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The Snowball: Warren Buffett and the Business of Lifeby Alice Schroeder
..."Schroeder's brave book offers a close-up of the same cellulite, but more fairly, in the context of a genuinely delightful character. Buffett might not like it, but this book has done him a very Buffett-like service. Twenty years from now, when the financial markets have forgotten our current trauma, and finance is once again fashionable, some young person will pick it up and discover that history's most legendary investor was not a cartoon but a real live human being. And still, somehow, deeply admirable." Michael Lewis, New Republic Online (read the entire New Republic review)
Synopses & Reviews
Here is THE book recounting the life and times of one of the most respected men in the world, Warren Buffett. The legendary Omaha investor has never written a memoir, but now he has allowed one writer, Alice Schroeder, unprecedented access to explore directly with him and with those closest to him his work, opinions, struggles, triumphs, follies, and wisdom. The result is the personally revealing and complete biography of the man known everywhere as "The Oracle of Omaha."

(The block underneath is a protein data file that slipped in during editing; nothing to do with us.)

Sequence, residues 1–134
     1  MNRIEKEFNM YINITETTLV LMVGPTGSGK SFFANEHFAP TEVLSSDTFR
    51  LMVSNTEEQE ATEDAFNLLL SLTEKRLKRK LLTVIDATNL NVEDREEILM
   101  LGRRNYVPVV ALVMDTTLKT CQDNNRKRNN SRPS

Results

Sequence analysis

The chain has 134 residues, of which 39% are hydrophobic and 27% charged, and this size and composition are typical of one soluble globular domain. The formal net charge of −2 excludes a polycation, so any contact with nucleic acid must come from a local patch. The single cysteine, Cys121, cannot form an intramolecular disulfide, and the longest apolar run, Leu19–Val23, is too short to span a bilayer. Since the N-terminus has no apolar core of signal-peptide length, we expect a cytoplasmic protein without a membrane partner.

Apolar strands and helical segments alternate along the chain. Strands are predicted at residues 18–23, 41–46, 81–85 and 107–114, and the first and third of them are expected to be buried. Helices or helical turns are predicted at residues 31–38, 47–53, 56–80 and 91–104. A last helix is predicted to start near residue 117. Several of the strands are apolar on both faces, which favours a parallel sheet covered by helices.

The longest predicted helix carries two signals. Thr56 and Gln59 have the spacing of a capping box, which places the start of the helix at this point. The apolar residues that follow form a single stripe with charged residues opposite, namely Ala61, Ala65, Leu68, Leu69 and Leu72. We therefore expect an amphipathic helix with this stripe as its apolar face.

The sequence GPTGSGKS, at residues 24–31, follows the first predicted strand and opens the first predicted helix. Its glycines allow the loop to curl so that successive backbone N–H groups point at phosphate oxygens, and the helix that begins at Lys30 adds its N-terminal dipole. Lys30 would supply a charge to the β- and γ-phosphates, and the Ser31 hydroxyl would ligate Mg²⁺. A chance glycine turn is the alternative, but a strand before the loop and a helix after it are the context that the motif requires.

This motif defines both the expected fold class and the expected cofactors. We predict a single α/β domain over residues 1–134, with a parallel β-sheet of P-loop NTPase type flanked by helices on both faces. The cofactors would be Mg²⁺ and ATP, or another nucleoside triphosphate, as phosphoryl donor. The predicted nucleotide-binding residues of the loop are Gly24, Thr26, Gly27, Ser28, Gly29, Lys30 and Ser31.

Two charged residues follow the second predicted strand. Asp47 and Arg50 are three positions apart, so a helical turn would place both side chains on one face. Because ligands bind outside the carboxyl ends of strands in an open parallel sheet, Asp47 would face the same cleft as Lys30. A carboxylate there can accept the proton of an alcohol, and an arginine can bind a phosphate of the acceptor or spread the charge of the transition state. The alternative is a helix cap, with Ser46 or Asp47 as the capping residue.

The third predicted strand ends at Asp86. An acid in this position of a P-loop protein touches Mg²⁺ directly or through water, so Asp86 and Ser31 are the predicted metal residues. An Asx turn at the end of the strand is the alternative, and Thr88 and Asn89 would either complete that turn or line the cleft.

Although the media track him constantly, Buffett himself has never told his full life story. His reality is private, especially by celebrity standards. Indeed, while the homespun persona that the public sees is true as far as it goes, it goes only so far. Warren Buffett is an array of paradoxes. He set out to prove that nice guys can finish first. Over the years he treated his investors as partners, acted as their steward, and championed honesty as an investor, CEO, board member, essayist, and speaker. At the same time he became the world's richest man, all from the modest Omaha headquarters of his company Berkshire Hathaway. None of this fits the term "simple."
When Alice Schroeder met Warren Buffett she was an insurance industry analyst and a gifted writer known for her keen perception and business acumen. Her writings on finance impressed him, and as she came to know him she realized that while much had been written on the subject of his investing style, no one had moved beyond that to explore his larger philosophy, which is bound up in a complex personality and the details of his life. Out of this came his decision to cooperate with her on the book about himself that he would never write.
Never before has Buffett spent countless hours responding to a writer's questions, talking, giving complete access to his wife, children, friends, and business associates — opening his files, recalling his childhood. It was an act of courage, as The Snowball makes immensely clear. Being human, his own life, like most lives, has been a mix of strengths and frailties. Yet notable though his wealth may be, Buffett's legacy will not be his ranking on the scorecard of wealth; it will be his principles and ideas that have enriched people's lives. This book tells you why Warren Buffett is the most fascinating American success story of our time.